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Climate induced Rural-Urban Migration in Bangladesh: Experience of migrants in Dhaka City

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Climate-induced rural livelihood loss and consequent rural-urban migration is a common scenario in developing countries. However, little is currently known about the dynamics of the process of climate-displaced migration and the experiences of associated migrants. My research has been an attempt to understand how poor climate-induced migrants perceive their urban conditions in hydro-geophysical and socio-economic terms.

Dhaka City, the densely populated capital of Bangladesh, is highly vulnerable to the impacts of climate change. In the future a sustained influx of climate-induced migrants is likely to join the ranks of the urban poor, where they will have to face new hazards of city life. Therefore, in this research I have tried to answer questions regarding the extent to which climate-induced migrants’ aspirations have been fulfilled after migration and whether their vulnerability to different hazards is different than that of non-climate-induced migrants.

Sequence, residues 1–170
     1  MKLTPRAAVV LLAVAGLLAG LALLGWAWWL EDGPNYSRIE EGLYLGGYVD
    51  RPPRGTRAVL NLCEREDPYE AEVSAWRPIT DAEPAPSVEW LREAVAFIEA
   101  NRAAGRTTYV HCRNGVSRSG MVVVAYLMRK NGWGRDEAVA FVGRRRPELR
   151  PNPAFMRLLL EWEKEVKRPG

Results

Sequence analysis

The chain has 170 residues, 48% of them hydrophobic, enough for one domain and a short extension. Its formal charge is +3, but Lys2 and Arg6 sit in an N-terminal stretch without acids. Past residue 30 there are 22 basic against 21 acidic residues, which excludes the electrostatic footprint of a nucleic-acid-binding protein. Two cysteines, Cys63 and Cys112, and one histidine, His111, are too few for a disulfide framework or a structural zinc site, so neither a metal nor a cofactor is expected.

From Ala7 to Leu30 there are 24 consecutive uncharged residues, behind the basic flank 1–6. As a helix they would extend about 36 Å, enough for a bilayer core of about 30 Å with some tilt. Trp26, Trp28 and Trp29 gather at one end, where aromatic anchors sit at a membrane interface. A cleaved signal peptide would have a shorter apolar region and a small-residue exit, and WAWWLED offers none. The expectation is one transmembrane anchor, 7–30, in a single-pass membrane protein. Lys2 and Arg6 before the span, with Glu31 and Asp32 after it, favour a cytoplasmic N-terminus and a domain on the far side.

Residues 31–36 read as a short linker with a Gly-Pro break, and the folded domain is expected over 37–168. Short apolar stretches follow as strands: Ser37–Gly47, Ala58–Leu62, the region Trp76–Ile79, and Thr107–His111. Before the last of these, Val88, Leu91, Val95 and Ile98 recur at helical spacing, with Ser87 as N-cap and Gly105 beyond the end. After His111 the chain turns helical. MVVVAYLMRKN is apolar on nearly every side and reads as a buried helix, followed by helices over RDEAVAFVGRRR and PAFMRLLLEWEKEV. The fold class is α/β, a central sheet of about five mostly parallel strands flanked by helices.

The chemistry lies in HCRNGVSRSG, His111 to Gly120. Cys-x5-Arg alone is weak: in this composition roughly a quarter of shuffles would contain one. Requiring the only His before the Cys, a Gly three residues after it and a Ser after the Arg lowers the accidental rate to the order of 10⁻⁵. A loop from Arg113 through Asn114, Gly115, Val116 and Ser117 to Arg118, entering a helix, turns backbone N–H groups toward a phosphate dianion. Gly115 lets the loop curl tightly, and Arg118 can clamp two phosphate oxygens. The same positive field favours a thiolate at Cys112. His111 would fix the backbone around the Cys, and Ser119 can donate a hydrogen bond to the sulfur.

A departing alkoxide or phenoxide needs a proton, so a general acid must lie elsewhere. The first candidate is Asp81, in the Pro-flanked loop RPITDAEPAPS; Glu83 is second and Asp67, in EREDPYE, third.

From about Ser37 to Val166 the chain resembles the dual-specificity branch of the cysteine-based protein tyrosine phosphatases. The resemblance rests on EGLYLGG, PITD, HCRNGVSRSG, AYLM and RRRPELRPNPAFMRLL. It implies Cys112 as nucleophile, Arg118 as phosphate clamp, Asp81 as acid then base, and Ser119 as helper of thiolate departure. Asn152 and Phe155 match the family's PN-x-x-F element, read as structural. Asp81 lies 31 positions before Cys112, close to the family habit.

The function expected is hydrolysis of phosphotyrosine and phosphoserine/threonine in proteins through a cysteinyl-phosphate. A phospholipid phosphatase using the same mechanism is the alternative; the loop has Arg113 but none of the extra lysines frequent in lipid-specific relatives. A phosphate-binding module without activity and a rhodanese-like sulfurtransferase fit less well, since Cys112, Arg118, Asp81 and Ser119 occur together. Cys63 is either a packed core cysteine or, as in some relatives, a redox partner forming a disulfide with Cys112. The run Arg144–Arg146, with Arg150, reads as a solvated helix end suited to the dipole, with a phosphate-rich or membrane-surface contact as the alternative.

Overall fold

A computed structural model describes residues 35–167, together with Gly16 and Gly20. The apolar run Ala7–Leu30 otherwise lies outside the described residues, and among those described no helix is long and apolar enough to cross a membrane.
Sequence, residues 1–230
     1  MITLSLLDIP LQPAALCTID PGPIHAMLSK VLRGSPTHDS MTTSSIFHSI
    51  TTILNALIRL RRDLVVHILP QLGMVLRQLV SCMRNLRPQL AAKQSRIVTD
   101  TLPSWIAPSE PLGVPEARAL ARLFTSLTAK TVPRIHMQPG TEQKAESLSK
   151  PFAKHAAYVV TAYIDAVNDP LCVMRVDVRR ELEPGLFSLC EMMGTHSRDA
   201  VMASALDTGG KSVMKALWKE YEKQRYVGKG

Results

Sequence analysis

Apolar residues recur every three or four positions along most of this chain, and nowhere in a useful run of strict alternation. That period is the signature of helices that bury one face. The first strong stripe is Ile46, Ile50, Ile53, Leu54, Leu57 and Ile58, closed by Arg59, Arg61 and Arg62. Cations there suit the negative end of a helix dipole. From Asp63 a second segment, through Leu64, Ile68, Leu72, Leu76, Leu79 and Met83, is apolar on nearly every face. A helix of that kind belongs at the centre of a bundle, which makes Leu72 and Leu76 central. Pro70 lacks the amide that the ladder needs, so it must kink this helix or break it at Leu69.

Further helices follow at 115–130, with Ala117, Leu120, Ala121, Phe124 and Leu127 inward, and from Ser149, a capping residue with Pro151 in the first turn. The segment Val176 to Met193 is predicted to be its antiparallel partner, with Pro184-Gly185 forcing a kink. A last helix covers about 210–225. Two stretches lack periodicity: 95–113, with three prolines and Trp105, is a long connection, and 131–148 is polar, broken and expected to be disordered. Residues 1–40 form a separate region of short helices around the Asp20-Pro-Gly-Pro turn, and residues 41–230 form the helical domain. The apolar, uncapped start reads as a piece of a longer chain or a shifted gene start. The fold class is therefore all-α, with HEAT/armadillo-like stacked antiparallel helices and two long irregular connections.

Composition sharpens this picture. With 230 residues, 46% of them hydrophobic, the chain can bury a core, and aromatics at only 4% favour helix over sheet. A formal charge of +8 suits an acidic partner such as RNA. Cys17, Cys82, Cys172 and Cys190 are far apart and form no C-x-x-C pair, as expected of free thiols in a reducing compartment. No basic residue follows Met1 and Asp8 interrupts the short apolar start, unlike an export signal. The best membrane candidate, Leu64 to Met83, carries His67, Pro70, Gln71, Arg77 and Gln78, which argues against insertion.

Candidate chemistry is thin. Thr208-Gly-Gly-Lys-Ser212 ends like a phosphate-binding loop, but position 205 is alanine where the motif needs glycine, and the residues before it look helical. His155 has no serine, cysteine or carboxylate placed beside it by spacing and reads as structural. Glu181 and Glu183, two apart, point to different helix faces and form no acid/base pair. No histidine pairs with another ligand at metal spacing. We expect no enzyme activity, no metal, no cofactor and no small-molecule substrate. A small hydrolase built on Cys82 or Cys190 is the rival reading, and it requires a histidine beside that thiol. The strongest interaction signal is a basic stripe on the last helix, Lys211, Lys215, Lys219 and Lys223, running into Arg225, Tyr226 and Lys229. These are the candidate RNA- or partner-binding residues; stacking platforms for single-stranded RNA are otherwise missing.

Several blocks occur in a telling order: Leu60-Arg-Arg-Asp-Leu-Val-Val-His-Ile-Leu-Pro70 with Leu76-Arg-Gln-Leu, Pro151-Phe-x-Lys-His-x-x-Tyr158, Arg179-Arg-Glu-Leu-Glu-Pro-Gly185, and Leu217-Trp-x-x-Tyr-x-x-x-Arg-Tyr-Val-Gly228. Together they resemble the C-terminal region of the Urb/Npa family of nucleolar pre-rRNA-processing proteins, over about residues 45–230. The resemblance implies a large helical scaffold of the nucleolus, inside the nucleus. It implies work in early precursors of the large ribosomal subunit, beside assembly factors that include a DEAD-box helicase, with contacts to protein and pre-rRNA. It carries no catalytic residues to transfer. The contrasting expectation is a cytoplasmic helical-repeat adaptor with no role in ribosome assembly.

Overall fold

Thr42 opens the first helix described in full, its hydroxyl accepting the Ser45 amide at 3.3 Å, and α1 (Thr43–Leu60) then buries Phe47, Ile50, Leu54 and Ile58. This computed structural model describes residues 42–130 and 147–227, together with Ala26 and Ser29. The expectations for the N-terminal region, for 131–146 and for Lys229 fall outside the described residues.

Available research has given the term ‘climate-induced migrants’ to those who have migrated mainly due to problems of the type climate change is expected to cause; for example flood, cyclone, river bank erosion, waterlogging, drought and salinity intrusion. In my research, I used a tracer survey and snowball process to identify poor climate-induced migrants in Korail, one of the largest slums in Asia. Questionnaire surveys, focus groups and personal interviews were the main research methods employed.

I argue that climatic factors have never affected any other group so severely at both their origin and destination as they have affected poor climate-induced migrants. These migrants face more severe repercussions from some hazards than other types of migrants due to the differences in their financial and coping capacities and educational qualifications. Finally, I identify illiterate female climate-induced migrants that have recently arrived from a cyclone prone area as the most vulnerable population. With the rapid rate of urbanization and climate change, this is high time to identify such migrants and create separate plans under which to provide support for them.

Written by: Neelopal Adri, Coordinator – Climate Change and Urbanization, ICCCAD August Newsletter 2014
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